Any tips for parents looking to purchase a bike for their children so they can ride trails together?
Sizing is always the most important. Children’s bikes are sized by wheel size – normally in two-inch intervals (12, 14, 16, 18, 20, 22, 24) whereas adult bikes are sized by frame size. For instance, there are 17-inch frames for bikes with 26-inch wheels, 29-inch wheels, and 700C wheels.
Stand over height is very important. A child may be able to reach the pedals on a bike, but when straddling the bike the top tube is in solid contact with the child’s body. This could lead to injury if dismounting quickly or an accident.
Children’s bikes come equipped with coaster (pedal) brakes, hand brakes, or both. All of these are fine. Just ensure that a child who is transitioning from a coaster brake bike to a hand brake bike is thoroughly familiar with the brakes and has the hand strength to operate them.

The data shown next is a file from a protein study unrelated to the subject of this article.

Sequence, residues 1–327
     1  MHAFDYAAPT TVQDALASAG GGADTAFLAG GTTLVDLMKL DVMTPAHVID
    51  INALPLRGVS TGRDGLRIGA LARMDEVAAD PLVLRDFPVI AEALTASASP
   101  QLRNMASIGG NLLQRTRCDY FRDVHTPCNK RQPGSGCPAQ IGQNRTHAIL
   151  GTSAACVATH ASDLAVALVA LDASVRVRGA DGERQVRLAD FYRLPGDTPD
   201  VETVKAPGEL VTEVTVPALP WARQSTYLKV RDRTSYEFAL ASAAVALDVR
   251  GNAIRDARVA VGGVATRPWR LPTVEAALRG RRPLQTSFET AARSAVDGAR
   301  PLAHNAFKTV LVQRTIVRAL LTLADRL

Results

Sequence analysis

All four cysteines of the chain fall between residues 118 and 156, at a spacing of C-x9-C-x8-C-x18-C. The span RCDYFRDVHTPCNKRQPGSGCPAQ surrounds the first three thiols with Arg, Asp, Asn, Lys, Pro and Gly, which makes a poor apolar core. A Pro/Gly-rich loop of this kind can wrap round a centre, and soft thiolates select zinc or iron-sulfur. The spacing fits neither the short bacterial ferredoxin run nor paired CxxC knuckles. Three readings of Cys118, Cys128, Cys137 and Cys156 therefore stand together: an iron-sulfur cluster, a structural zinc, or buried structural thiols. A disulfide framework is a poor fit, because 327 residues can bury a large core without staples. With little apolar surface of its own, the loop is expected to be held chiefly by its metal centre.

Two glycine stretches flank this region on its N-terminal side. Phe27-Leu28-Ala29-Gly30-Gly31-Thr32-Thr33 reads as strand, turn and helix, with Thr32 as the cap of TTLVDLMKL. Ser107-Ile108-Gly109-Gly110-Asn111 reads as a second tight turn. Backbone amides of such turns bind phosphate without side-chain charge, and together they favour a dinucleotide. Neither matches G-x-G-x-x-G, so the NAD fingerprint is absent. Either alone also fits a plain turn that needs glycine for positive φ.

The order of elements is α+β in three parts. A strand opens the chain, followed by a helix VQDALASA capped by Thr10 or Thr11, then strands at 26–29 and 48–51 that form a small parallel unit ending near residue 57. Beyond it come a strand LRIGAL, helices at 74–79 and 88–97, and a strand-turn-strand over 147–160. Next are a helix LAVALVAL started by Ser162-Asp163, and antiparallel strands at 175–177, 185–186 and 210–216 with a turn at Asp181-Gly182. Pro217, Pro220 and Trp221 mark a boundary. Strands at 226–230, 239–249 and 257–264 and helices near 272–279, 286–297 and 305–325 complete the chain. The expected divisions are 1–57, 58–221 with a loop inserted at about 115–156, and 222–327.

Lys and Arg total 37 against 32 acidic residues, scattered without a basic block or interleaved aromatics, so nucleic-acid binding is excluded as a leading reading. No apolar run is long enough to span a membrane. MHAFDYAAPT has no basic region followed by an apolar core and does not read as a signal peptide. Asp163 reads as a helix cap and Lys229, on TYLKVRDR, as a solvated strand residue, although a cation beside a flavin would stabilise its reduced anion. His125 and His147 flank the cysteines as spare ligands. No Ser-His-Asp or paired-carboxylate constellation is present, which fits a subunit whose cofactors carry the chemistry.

Any tips for parents who want to attach a little trailer to pull their little ones?
I would suggest selecting a trailer with an aluminum frame to save on weight. Most trailers attach to the rear axle. Be sure to tighten the axle bolts or quick release sufficiently or the trailer may pull the axle from the bike frame. Another acceptable attachment point is one that attaches to the seat post. I do not recommend attachments that clamp to the bike frame.
What do you love most about running the Confluence Cyclery?
We really love meeting people from all over the USA and the world who come to ride the GAP. We also really enjoy getting people on the right bike so they can experience the joy of riding.
Is there anything else you think a beginner cyclist should know?
Take it easy. Like any physical activity, you need to work up to it. We frequently see novice cyclists who start the trip planning on riding 60 or more miles a day, without any workups. For some, this creates a very unpleasant experience and sours them on the cycling. Cycling is a sport that you can do all your life. It comes in many forms from competitive racing to handcycles. We have customers who are disabled in some form but can still bike.